Last year I wrote about my disillusionment with the iPhone as a gaming platform. Since then, I've tried dozens more games, and my impression of the device hasn't changed much. I continue to find using my finger as an input device problematic at best, and I continue to find holding the iPhone uncomfortable after 15 minutes or so of gaming.With notable exceptions like Spider: The Secret of Bryce Manor, most iPhone games leave me cold after a period of fleeting enchantment. If I can't enjoy a game as perfectly wonderful as Plants vs. Zombies on my iPhone, then something is wrong with me or the hardware I'm playing it on. Since it can't possibly be me, it's got to be the iPhone. :-)
Okay, I know what you're thinking, iPhone game aficionado. I'm stubbornly dismissing the iPhone as a gaming platform because it doesn't match my personal gaming preferences. Well, yes I am. I can't get past the fact that its primary input device (my finger attached to my hand) obscures the game I'm trying to hold and control. Lots of people have no problem with that, but I do. Can't help it.
But here's the thing. It's not really a matter of user input; it's a matter of size. A week ago I was prepared to dismiss games on a touchscreen device with no external controls, but that was before a shiny new overpriced Apple toy entered my gaming life. Hello super-sized iPhone gaming device. Hello device I never thought I'd want (see photo above). Hello iPad.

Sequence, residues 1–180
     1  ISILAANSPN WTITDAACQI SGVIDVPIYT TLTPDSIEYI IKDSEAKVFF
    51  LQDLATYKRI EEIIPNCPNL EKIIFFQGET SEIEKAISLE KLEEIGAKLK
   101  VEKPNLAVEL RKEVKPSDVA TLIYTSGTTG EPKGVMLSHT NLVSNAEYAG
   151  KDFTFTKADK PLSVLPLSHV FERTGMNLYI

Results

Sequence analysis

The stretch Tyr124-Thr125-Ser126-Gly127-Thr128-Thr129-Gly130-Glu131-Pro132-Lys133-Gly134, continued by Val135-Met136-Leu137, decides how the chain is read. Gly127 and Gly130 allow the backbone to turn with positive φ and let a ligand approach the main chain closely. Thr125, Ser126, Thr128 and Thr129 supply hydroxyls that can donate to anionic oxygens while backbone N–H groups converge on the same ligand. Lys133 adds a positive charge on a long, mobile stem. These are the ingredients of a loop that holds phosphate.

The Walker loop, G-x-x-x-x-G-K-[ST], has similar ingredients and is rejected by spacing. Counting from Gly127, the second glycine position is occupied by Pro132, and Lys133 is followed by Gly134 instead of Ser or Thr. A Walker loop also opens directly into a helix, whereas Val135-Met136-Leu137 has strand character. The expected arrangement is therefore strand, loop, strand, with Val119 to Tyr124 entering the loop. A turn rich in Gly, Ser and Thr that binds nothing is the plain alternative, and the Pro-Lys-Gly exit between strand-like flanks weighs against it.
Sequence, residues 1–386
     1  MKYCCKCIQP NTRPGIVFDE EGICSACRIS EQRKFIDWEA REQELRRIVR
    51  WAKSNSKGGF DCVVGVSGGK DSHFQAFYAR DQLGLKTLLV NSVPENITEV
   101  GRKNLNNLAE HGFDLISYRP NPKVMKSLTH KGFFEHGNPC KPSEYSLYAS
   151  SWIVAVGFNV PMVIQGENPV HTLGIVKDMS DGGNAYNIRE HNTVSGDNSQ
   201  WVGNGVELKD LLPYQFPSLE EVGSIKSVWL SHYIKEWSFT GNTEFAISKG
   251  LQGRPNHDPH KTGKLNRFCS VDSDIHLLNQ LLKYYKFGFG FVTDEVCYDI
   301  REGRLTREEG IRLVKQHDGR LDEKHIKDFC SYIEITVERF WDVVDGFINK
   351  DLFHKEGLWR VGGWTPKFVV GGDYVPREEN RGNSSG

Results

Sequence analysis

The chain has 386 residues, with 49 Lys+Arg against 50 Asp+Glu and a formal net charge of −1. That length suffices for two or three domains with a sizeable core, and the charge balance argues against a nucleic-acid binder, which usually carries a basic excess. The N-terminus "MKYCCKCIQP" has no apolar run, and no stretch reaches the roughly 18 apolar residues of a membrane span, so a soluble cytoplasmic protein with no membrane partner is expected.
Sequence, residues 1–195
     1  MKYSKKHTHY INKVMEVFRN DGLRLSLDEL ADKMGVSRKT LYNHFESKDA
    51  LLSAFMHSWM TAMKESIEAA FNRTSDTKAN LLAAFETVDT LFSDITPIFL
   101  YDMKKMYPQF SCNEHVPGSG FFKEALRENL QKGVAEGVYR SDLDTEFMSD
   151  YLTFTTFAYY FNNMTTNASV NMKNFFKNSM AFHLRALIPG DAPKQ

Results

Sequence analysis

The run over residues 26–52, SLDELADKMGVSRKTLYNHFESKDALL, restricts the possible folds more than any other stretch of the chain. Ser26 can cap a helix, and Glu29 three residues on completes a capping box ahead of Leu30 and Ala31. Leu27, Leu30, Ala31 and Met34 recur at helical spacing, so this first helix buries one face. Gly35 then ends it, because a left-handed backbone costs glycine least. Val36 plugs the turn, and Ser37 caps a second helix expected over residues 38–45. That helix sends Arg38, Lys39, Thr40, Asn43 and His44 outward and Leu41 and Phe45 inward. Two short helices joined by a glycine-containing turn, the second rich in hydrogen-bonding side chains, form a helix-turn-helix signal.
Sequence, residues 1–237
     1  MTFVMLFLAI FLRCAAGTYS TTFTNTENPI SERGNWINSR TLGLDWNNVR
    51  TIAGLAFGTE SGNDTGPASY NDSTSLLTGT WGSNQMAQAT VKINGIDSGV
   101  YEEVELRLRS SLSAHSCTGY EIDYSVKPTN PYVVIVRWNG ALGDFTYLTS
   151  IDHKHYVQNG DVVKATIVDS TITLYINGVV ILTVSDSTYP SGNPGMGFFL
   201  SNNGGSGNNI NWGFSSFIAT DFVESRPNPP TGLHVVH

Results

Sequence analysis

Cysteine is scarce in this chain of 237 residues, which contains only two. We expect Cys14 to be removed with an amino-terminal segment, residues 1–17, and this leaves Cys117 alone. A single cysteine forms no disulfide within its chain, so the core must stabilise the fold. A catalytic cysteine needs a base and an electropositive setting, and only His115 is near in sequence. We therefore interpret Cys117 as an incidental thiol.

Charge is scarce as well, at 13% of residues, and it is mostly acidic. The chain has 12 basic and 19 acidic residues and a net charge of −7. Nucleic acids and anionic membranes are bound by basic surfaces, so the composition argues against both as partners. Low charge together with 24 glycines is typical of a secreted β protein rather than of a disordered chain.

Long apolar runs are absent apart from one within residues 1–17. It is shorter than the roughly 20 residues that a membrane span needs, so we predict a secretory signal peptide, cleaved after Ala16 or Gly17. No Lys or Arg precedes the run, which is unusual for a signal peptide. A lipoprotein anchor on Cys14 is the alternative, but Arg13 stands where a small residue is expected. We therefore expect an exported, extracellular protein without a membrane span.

Two iPad games have put my doubts to rest. The new iPad version of Pac-Man, and the iPad edition of Spider: The Secret of Bryce Manor.
Pac-Man on the iPad isn't perfect. Its virtual joystick makes the game virtually unplayable, but its swipe input option more than makes up for it. Simply swipe up, down, right, or left anywhere on the screen, and your little pill addict chomps in that direction. It works flawlessly, and the size of the screen makes it possible to experience the game in all its old-school arcade glory.
I wouldn't cite a Pac-Man port for the iPad as a shining example of the platform's potential, but as an example of a control scheme well-suited to the hardware's capabilities, it shines far brighter than Namco's iPhone version of the game.
If you admired the hand-drawn art in Spider: TSBM on the iPhone, you owe it to yourself to check out the iPad version. It's still arresting, but on the iPad's big bright screen Spider's sumptuous visuals have room to breathe.
This matters because Spider tells its story primarily through its environments. The player explores the visual aftermath of events that occurred long ago, and the enhanced HD visuals in this version make that detective work even more satisfying. The iPad version adds a co-op 'Sidekick mode' for two players and additional 'Director's Cut' levels.
I'm making my way through a slew of other iPad games that make especially good use of the hardware (Osmos, Little Things, Shot Shot Shoot), and I'm enjoying some terrific titles for kids with my daughter. I'll report on those in my next post. Also, David Carlton at Malvasia Bianca recently alerted me to the iPad version of Frotz, so Planetfall, here I come!
If you have other iPad games you'd like to recommend, let me know. If you'd like to counter my "iPhone = bad gaming device" contention, by all means fire away. Given the number of iPhone games sold on Apple's app store, I have a feeling my opinion is a minority one.